Keeping Your Foils in Top Shape

by Ali Meller
Why Your Centerboard Needs to be Perfect
One of the biggest performance improvements I ever made was when I replaced an old centerboard in my first 505 with a new Lindsay gybing centerboard. The difference was more than a new suit of sails. A great centerboard is also my secret weapon in my 22 year old and otherwise hopelessly uncompetitive Albacore.

The Waterat foils - and the Lindsay foils we used to use - are normally shaped to a NACA 00 family section. These sections are much more forgiving of nicks and dings - and our less than perfect steering - than the laminar flow sections. None the less, all the performance improvement you get from a great centerboard is only there if you keep the centerboard in near perfect condition. When was the last time you checked you centerboard for nicks and dings? Any imperfections can increase turbulence and drag. Apart from robbing you of speed and pointing, a damaged centerboard can absorb water, weakening it and eventually leading to it breaking. Now that is a performance (and dollar) robber!

How to Make a New Foil Better
Waterat does an excellent job building foils; I think Larry's blades are the best available. The one area where I think they can be slightly improved by the owner is the finish. Waterat spray paints the boards with a very high quality two part polyurethane, which forms a very tough, shiny finish. I believe the blade surface can be improved by careful wet sanding with 600 or smoother sandpaper. This removes the gloss and any orange peel on the finish, resulting in the smoothest, fairest shape possible. I do this on centerboards I am taking to a World Championship.

However, as Larry points out, wet sanding the foil removes that very tough shiny finish, revealing a softer layer underneath. Once you wet sand a board, you will have to keep wet sanding it, as it will scratch more easily. A wet sanded surface also gets dirty more easily, and therefore requires more maintenance than the smooth shiny finish. Eventually, the foil will have to be refinished, and you can start all over.

Waterat does NOT recommend sanding your hull!

If you are interested in more discussion of surface finish on foils, check out C. A. Marchajís books - the first is Sailing Theory and Practice, Dodd Mead & Company, 1964, the second Areo-Hydrodynamics of Sailing, Dodd Mead & Company, 1979 - and Frank Bethwaiteís recent book, High Performance Sailing, McGraw-Hill, 1993. Long time Annapolis area 505 sailor Bransford Eck also wrote two articles discussing 505 centerboard cross sections, planforms, area, and finish, in the '70s. Many long time 505 sailors have copies. Much of the discussion would be applicable to other centerboard classes as well, though the resulting centerboard would be different.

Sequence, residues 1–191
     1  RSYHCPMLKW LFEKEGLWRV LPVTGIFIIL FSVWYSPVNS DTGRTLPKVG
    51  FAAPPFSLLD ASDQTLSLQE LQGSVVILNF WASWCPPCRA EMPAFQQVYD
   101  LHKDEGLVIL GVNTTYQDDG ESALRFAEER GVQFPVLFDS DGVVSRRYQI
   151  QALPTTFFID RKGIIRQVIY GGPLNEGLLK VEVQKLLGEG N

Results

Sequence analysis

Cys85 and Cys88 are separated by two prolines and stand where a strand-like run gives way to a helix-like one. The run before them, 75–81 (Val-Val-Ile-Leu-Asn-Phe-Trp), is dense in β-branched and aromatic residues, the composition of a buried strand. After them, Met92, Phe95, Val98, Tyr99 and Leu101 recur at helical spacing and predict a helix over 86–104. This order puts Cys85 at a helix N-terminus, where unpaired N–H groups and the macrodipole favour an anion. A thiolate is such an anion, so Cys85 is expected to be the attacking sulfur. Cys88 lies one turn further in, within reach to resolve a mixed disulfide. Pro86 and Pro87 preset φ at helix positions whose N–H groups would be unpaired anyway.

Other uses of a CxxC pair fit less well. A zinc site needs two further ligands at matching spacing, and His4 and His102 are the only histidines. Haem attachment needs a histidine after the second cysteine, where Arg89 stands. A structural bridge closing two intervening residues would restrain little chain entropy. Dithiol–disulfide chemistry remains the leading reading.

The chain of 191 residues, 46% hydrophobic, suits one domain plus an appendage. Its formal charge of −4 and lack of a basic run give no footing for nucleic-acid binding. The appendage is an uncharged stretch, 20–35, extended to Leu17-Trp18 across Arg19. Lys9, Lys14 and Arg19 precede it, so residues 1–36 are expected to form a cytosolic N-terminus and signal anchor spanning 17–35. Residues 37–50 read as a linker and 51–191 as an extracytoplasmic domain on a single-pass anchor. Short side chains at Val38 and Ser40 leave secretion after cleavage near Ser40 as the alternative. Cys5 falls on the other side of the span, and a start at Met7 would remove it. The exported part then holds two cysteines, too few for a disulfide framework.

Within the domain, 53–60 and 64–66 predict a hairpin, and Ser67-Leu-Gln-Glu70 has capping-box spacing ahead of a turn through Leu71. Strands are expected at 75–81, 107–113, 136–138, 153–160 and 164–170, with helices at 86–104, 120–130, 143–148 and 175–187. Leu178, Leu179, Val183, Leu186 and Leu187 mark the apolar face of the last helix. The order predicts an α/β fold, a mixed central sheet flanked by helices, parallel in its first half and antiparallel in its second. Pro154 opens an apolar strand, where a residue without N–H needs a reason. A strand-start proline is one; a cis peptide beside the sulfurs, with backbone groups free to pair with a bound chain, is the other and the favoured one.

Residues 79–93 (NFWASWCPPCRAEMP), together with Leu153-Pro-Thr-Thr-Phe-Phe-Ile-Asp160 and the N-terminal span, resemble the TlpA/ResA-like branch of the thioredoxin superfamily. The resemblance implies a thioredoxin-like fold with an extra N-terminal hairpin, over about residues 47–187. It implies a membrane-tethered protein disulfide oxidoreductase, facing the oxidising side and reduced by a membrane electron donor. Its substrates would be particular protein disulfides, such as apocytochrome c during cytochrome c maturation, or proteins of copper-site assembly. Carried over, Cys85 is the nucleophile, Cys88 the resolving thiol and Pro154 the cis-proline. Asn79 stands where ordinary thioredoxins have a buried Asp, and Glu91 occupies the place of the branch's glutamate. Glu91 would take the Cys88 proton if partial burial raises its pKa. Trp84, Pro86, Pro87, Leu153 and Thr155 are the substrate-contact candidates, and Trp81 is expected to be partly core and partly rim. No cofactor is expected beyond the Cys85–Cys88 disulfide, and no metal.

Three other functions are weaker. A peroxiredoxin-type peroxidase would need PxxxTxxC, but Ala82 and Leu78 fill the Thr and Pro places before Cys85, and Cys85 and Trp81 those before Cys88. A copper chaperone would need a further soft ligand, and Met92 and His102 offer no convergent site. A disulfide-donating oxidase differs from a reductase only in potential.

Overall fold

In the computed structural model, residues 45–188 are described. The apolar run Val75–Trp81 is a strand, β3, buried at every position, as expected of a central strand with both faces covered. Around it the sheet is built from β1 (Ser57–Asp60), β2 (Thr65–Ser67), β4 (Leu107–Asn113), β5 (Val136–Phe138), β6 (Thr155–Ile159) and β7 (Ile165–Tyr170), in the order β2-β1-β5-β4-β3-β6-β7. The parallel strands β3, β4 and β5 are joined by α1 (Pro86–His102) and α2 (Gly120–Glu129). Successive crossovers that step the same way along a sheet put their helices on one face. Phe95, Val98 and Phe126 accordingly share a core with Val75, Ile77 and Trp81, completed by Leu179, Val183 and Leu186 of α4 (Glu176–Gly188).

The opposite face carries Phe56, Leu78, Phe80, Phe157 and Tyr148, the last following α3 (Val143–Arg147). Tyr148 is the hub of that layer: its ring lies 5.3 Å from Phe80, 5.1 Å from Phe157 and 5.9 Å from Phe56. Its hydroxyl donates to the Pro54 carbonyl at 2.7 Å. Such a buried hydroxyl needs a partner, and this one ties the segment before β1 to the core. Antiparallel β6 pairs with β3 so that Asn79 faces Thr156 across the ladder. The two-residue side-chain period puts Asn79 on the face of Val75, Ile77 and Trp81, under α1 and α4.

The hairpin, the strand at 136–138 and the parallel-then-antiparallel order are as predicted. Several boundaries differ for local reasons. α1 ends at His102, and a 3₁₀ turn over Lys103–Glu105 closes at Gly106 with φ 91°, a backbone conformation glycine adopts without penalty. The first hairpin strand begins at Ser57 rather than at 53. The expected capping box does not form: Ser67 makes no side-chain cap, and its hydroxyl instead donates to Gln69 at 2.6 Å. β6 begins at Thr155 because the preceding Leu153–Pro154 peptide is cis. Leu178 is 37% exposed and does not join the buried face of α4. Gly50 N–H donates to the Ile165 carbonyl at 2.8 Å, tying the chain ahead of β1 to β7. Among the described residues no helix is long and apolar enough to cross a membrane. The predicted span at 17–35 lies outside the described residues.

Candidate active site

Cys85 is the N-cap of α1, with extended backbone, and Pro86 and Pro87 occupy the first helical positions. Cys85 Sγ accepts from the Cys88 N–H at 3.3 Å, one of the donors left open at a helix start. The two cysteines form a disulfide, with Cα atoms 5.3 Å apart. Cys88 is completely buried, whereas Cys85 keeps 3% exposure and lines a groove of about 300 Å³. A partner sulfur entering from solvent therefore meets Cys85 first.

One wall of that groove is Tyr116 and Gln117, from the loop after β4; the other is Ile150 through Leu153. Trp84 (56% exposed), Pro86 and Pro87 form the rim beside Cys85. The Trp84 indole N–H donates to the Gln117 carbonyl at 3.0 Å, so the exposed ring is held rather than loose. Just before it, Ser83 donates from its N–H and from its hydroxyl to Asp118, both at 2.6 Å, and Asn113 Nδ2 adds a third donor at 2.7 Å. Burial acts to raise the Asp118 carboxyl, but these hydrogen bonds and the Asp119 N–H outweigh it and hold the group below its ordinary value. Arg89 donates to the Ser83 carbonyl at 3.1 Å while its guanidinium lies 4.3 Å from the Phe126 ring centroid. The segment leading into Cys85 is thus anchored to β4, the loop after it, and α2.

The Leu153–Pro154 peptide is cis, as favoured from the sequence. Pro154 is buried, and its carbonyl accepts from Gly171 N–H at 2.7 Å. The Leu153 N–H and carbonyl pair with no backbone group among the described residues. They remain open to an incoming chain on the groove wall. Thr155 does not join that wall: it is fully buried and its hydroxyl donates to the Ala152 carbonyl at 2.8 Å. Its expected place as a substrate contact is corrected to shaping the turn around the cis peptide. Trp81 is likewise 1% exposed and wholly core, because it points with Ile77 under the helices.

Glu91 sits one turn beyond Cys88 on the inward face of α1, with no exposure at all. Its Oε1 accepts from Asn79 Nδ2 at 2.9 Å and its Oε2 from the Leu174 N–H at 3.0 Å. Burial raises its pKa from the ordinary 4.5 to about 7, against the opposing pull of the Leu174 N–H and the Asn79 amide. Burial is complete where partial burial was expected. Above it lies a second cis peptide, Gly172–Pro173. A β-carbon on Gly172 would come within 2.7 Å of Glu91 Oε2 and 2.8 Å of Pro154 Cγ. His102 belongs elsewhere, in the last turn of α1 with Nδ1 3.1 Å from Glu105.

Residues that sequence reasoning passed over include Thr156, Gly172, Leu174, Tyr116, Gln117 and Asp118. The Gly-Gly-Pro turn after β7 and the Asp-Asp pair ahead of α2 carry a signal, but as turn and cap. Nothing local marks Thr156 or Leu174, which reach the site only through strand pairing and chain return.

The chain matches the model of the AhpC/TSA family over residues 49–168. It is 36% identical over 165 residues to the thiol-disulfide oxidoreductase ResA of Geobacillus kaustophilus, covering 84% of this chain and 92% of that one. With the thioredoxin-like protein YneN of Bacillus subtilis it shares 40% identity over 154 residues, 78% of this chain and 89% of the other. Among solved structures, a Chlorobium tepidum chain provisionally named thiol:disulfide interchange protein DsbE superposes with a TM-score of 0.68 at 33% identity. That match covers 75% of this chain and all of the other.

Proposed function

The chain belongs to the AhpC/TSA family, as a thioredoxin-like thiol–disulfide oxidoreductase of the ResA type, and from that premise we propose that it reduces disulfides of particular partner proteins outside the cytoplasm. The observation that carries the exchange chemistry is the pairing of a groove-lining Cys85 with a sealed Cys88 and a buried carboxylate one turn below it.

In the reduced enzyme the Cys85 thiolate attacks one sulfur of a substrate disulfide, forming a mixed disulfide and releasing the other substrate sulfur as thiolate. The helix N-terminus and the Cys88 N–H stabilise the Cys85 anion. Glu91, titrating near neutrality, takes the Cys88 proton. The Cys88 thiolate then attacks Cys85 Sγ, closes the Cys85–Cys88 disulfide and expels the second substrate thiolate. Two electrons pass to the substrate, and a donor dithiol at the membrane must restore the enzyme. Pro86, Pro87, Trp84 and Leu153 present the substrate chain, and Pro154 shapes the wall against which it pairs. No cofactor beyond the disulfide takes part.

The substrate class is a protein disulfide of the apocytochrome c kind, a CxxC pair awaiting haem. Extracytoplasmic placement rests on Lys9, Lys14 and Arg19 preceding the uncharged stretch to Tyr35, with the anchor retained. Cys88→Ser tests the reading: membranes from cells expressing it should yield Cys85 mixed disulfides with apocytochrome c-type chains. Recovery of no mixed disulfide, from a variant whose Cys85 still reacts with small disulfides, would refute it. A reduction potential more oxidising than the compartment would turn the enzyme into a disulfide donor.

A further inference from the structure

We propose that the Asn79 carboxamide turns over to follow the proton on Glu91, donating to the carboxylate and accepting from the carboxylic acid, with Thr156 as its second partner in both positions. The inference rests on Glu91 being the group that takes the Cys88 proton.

What Damages a Foil
Centerboards are damaged and worn in several ways. The easiest is by running aground. I sail on the Chesapeake Bay which has a (primarily) soft mud bottom. Soft mud is a lot better than rocks, but the mud has the texture of 100 grit sandpaper, and does ruin the tip. Another easy way to damage the board is to hit something in the water. This seems to happen most frequently in spring, when lots of debris have washed into rivers and then into the lakes, bays and oceans we sail on. Any grit or dirt in the centerboard trunk will also scratch the foil as you raise and lower it. I also find that the centerboard bolt sometimes makes the bolt hole bigger and exposes wood, so that water can get in. Even if you never run aground, never hit anything in the water, and never have dirt in your centerboard trunk, just raising and lowering the board will gradually scratch the airfoil portion, and will wear away the widest part of the centerboard head. All of these slow you down! Any damage that allows water to get into the spruce core is bad. The board will be both heavier and weaker. Check your board from time to time, and anytime you think you may have damaged it. Repair any areas with uncovered wood immediately.

How to Repair the damage
Small scratches can be sanded smooth, or a soft filler can be applied, and then sanded or filed smooth. Anytime you fill with a material harder to sand than the polyurethane finish, you will have trouble sanding down to a smooth fair shape.